Just when it seemed that life was starting to make sense, he got the Call. A small traditional, old German Lutheran church—which could be called “stagnant” at best— wanted him to become their pastor. He wasn’t sure what God wanted him to do. He prayed, of course, but also, he spoke to his growing tribe of new and old immigrant Christians and said this, “I will only go if you come with me. This is how we begin to address the call to multi-culturalism in the faith in America. This is how we become one in the Kingdom of God.”
Half of the people said no; they wanted to stay there and be with “their own kind.” I love this because it reminds us that parochialism and cliquishness and comfort zones know no bounds. But half of the immigrants said yes, as did a good portion of the traditional German Lutherans at an old church which, when faced with the prospect of dying, said no: Christ will continue to live on in this place and we will simply need to learn to open our hearts, to let in the new, to stop being so worried about being comfortable and having things the way they’ve always been. And so the Mosaic ministry that is Immanuel Lutheran Church was born.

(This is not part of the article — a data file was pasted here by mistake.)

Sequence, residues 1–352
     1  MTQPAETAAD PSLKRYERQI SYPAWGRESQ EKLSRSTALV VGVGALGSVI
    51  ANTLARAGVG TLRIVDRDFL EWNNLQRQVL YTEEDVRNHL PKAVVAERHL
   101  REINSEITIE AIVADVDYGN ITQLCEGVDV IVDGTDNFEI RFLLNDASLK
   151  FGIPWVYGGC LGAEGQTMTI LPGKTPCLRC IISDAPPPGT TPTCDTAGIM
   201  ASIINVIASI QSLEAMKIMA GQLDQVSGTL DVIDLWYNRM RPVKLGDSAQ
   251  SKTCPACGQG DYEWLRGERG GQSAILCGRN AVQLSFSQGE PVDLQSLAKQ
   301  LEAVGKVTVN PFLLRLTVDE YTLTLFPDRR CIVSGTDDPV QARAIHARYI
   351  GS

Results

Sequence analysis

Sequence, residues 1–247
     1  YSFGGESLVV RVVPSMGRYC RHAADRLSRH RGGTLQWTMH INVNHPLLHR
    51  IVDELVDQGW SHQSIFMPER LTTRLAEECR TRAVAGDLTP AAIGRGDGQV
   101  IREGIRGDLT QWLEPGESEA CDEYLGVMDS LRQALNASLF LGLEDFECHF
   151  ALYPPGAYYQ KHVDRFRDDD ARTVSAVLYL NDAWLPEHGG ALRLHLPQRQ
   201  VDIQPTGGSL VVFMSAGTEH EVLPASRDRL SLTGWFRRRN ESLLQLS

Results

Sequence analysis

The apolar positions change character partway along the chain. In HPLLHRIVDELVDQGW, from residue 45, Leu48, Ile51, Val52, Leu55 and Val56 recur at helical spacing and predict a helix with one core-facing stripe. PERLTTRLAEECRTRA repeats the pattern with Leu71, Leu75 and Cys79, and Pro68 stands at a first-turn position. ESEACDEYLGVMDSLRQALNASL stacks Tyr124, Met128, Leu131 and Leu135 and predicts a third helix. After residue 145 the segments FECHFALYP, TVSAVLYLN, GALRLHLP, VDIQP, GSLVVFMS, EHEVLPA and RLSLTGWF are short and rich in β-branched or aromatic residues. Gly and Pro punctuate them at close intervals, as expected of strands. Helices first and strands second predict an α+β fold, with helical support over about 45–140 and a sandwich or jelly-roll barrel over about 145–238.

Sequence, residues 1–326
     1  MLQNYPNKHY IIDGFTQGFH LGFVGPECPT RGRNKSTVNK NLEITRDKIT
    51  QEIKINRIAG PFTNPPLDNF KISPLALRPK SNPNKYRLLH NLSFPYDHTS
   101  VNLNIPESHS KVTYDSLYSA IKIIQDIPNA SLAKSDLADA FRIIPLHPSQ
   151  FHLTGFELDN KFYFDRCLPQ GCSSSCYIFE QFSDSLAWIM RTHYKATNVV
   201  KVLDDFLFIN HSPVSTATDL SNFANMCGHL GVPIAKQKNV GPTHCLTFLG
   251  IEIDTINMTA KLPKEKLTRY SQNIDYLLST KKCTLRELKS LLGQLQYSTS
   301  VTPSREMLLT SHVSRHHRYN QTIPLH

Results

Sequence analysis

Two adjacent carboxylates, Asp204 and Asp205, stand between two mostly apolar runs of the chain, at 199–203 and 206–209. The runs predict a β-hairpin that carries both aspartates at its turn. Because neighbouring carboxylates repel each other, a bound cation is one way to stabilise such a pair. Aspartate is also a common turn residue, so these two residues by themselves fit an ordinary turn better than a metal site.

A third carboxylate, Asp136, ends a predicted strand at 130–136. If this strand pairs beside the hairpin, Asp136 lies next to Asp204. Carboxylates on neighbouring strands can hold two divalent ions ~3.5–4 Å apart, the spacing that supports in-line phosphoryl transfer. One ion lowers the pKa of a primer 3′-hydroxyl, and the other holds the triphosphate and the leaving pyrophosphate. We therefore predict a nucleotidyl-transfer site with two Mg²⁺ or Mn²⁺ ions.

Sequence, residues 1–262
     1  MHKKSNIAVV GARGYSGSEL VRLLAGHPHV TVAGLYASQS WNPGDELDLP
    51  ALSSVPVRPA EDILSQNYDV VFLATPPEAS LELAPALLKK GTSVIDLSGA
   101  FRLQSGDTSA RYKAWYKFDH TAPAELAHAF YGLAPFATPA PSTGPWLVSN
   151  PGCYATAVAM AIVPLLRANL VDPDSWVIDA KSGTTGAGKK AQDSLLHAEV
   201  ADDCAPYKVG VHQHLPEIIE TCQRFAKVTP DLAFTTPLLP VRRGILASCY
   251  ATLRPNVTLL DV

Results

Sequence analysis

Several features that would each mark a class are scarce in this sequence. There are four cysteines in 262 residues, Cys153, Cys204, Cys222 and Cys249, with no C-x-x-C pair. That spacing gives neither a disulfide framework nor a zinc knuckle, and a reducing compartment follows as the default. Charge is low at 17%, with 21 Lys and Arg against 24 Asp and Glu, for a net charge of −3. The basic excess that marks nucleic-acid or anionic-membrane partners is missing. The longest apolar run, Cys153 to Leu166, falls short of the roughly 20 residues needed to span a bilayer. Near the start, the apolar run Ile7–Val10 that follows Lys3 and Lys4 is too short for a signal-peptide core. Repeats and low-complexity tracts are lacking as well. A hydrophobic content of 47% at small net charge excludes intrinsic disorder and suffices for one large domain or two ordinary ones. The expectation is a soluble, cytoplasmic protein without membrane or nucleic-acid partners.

Now, do you remember where I said it was? In a town in Queens called Whitestone. At some point last year I had connected the dots from the Taize necklace scripture to this new, far-off community that was somehow becoming part of my story, and of the icktank story. In January, Pastor Johnson wrote to tell us that he would be doing our new book Loaded Words for an all-church Lenten study. We were honored and thrilled and I began to consider that I would actually make a trip there. The white stone pendant hung over my desk, an ever-present reminder of the mysteries of God and how he speaks to His people.